So, during the internship, I worked on packaging the open source software for the s390x architecture. The main idea was to select different software packages like Zabbix, Icinga and Cacti that are monitoring packages, and to build and test those packages for S390X architectures For that testing, I got online access to the S390C machine using the IBM community cloud. I built all the software and then I deployed the software on the s390X. Then I tested the software, removed any bugs or reported any potential bugs to the community of mainframers.

There are a lot of open source packages available for Linux and what we were targeting in that project was to pull those packages to s390x as much as we could. So we were four students that were working on that project and we have all contributed a large number of packages. People can use those packages on S390 X machines. All those packages are available now on OBS and anyone can use them.

Steven: Fantastic. So it sounds like you had a packed few months. What were the biggest challenges that you faced and kind how did you overcome them?

Usman: The biggest challenge as an intern was to get started. There were a lot of projects and the biggest challenge was selecting the right project. But after that, there was a great mentorship from my mentor. He worked at SUSE as an engineer and he really helped us a lot. Everything worked as planned. So, there were no problems during the internship. So, the only challenge I think, was the project selection, because there were so many group projects and good mentors.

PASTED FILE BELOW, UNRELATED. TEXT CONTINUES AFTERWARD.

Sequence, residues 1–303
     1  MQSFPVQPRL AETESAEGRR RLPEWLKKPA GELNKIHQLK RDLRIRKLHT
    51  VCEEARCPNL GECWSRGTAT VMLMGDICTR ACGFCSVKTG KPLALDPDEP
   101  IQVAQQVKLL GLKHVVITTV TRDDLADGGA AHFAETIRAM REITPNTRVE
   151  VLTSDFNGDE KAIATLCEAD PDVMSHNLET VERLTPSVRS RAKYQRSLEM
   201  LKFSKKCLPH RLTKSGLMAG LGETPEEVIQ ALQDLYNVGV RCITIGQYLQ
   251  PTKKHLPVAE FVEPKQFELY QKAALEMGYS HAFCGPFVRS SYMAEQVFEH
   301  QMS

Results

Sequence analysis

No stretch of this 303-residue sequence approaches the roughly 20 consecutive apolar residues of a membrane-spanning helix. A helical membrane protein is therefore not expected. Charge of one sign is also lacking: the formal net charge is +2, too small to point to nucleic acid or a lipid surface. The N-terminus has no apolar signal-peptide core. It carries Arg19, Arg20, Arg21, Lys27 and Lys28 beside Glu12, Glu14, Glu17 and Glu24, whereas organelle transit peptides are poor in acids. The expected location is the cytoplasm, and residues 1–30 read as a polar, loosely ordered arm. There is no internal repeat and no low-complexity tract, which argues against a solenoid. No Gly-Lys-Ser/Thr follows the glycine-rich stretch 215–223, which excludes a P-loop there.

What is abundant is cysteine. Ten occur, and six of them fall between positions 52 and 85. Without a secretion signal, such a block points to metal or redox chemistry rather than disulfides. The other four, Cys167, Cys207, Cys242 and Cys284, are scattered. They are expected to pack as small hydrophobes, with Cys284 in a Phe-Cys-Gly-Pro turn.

Steven: Okay. So, I noticed here in some of the notes that you’ve started to get involved in the Zowe community and that you’ve started to contribute and engaged there. How’s that been as a new platform to really get involved with? Obviously, it looks like you’ve done some good work in the Linux space. How are you finding that sort of front end to the z/OS environment, IE: Zowe?

Usman: So after I went through the Master the Mainframe contest, the feed it gives you is not very user friendly. It’s a black screen and you get to use a keyboard, and you navigate from using the keyboard. But after getting to know about Zowe in the last open source conference in Anambra, IBM introduced to Zowe. I really like the interface.